Paul Holmes

Microsoft's neutral stance on House Bill 1515 is an unfortunate reversal of its usual moxie

Microsoft's neutral stance on House Bill 1515 is an unfortunate reversal of its usual moxie

How the mighty have fallen.

Remember when Microsoft was the most red-blooded of all US corporations, expanding fearlessly, laughing in the face of critics, mocking regulators who attempted to put the brakes on its bid for global domination?

Today, the software giant is just another corporate jellyfish, terrified of taking a stand on a controversial issue, intimidated into neutrality by the threat of a boycott.

The background: Until recently, Microsoft was one of dozens of corporations in the Pacific Northwest - along with Boeing, Nike, Qwest, even Coors Brewing - that had endorsed Washington state's House Bill 1515. This bill would have protected gays and lesbians from discrimination in employment, housing, banking, and insurance, extending a law that already bars discrimination on the basis of race, religion, gender, or marital status.

Microsoft, which has a strong record of non-discrimination, had issued a letter of support for the legislation last year. But after company officials met with Pastor Ken Hutcherson from a "mega-church" close to Microsoft's Redmond, WA, headquarters, the company withdrew that support, announcing that it was now "neutral" on the legislation.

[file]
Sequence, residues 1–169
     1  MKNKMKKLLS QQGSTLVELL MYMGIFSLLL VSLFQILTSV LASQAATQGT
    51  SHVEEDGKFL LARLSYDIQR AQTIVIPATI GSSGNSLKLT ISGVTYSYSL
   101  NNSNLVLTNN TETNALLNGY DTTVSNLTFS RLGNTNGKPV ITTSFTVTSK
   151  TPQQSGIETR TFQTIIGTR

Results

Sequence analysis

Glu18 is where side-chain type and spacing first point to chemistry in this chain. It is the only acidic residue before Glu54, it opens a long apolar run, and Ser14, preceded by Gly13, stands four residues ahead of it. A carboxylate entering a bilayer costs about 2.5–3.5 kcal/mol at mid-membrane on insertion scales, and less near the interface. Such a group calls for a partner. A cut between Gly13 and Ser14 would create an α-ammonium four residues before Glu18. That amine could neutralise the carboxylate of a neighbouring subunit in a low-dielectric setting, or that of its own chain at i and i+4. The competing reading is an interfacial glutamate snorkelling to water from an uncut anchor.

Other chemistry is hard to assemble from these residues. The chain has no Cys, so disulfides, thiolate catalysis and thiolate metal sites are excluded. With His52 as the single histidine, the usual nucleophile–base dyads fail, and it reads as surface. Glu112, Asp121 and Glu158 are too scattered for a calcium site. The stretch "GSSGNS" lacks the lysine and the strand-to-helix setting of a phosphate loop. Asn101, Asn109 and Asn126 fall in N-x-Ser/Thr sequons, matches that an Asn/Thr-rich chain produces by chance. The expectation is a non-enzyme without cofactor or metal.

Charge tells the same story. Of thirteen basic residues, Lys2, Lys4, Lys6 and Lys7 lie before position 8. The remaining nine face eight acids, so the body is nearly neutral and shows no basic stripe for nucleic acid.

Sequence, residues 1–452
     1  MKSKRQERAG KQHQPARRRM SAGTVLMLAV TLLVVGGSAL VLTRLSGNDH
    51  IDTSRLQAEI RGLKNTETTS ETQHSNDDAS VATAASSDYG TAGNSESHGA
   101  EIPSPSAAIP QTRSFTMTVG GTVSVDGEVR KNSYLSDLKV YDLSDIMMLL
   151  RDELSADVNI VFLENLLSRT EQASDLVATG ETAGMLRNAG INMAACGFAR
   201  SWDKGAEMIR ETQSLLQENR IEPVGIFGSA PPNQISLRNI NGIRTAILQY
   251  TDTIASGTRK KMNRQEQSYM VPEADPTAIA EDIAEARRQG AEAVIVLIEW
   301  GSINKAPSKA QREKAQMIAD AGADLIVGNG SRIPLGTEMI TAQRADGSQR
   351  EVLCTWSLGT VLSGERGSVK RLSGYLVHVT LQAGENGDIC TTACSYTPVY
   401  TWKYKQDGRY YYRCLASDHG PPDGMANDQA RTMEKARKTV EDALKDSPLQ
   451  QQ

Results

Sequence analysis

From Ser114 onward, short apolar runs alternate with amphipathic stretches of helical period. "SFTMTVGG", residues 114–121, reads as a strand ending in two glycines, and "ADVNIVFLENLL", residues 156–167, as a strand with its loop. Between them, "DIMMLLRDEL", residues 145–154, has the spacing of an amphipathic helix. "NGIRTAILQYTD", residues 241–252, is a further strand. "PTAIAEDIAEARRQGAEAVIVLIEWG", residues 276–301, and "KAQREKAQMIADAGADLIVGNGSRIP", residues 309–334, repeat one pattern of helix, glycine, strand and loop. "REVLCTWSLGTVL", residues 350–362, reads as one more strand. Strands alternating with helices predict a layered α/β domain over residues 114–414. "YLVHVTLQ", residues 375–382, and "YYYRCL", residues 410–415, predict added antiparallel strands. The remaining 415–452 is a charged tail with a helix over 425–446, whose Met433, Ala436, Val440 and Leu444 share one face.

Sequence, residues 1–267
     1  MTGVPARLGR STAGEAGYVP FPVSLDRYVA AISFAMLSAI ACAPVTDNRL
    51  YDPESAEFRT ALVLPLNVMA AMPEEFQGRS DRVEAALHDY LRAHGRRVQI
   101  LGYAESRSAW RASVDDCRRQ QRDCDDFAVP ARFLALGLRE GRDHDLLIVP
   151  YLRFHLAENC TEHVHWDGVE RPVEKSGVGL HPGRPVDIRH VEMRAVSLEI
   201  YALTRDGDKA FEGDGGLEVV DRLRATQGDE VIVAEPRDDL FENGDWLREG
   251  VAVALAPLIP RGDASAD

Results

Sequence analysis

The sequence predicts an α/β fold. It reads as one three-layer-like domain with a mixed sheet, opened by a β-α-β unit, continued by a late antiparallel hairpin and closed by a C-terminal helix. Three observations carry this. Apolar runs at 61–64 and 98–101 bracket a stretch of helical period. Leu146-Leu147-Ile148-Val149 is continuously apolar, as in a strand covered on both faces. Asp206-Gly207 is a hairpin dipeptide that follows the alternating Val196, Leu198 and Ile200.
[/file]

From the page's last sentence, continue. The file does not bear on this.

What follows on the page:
According to newspaper reports, Microsoft's general counsel told gay staffers at the company that Hutcherson had threatened a boycott of the company. But Microsoft's official position is that withdrawal of support for the measure was unconnected to that threat. According to a spokeswoman, "We made a decision before this legislative session, as we do each year, that we would focus our energy on a limited number of issues that are directly related to our business."

As an explanation of the about-face, that makes no sense. If the issue was energy, Microsoft had no need to say anything. Obviously, it takes more energy to announce a change in its position than to do nothing. If Microsoft was guided by a desire to conserve its resources, it could have done nothing: it was already on record supporting the bill and that support would have remained on the record without taxing the company's resources further.

What really happened, obviously, is that faced with a choice between offending gays and lesbians and offending those who are bigoted against them, Microsoft sought a neutral middle path and seems to be following current conventional corporate wisdom: When in doubt, stand for nothing.

Whether Microsoft's decision had an impact on the vote - the measure was defeated by 25-24 - we may never know. But if anyone at Microsoft is feeling good about having found a "compromise" solution, perhaps they should remember the wise words of Edmund Burke: "All that is necessary for the triumph of evil is that good men do nothing."

  • Paul Holmes has spent the past 17 years writing about the PR business for publications including PRWeek, Inside PR, and Reputation Management. He is currently president of The Holmes Group and editor of www.holmesreport.com.

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